at Boone County's Jail is majority white, a third statistic suggesting racial bias in crime reporting and public perception.
Persons arrested in Boone
-- which includes Columbia -- and persons wanted for felonies
are also majority white, in keeping with the county's roughly 82% Caucasian population
The statistics raise a troubling question that would make a good Philosoraptor meme: "White people are a majority of the population and commit a majority of crimes, so why are black people featured in a majority of crime news stories
The jail population statistics may also raise questions for those concerned that black persons are incarcerated at higher rates than other populations. Statistics show black persons commit 29-35% of crime in Boone County, but their jail population is 12-17% higher: 47% of all inmates
Boone County breaks down its inmate population by age, sex, and race. As of Nov. 1, 97 persons described as black
-- eight females and 89 males -- were jailed.
One hundred and one (101) white persons
and nine Hispanics comprised the other 53% of the inmate population.
suspects are 65%
of outstanding felony warrants and 62%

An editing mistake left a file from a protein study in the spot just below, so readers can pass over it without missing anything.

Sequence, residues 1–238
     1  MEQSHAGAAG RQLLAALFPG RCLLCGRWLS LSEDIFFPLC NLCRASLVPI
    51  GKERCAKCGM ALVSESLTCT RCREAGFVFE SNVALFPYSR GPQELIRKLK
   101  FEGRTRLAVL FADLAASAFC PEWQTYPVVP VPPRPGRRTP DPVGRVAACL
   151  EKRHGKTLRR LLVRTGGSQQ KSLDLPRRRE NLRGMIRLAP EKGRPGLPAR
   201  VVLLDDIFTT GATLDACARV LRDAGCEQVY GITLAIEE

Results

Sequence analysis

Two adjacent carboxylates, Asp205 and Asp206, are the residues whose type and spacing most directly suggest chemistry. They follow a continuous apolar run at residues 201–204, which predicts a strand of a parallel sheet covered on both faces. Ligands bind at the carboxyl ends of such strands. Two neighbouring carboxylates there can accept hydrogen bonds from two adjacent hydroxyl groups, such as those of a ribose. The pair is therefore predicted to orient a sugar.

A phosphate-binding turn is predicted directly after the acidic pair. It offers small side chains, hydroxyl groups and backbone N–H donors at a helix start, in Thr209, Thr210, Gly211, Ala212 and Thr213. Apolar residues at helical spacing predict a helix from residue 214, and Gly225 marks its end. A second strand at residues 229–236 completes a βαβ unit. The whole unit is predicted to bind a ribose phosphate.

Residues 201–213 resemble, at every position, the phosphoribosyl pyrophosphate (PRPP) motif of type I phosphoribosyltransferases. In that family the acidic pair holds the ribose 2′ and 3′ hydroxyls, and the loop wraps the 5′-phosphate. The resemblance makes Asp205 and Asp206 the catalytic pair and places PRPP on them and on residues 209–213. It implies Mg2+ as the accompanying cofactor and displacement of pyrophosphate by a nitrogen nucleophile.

of persons arrested for all crimes -- felony and misdemeanor -- in Boone County.
And yet, black mugshots and crime stories featuring African-American males dominate news coverage locally -- and nationally.
A keynote speech topic at last month's Mizzou Black Studies Conference, racial bias in crime reporting even has its own Wikipedia entry
. Nationally, FBI statistics
show 69.3% of persons arrested for crimes in 2012 were white; 28.1% were black. But media reports -- and public perception -- suggest the reverse.
"Many media outlets reinforce the public’s racial misconceptions about crime by presenting African-Americans and Latinos differently than whites — both quantitatively and qualitatively
," a 2014 study by the Sentencing Project found
. "Television news programs and newspapers overrepresent racial minorities as crime suspects
Television and written news reports in Columbia and Boone County have featured black suspects in roughly 57% of crime stories reported over the past six months.
Fairness and Accuracy in Reporting (FAIR) publishes a 10-point guide to bias in news media
that examines double standards portraying "youth of color who commit crimes as 'superpredators,'" and drug-crime coverage focusing "almost exclusively on African Americans, despite the fact that the vast majority of drug users are white."
FAIR also suggests a remedy. "Educate journalists about misconceptions involved in stereotypes, and about how stereotypes characterize individuals unfairly." RELATED: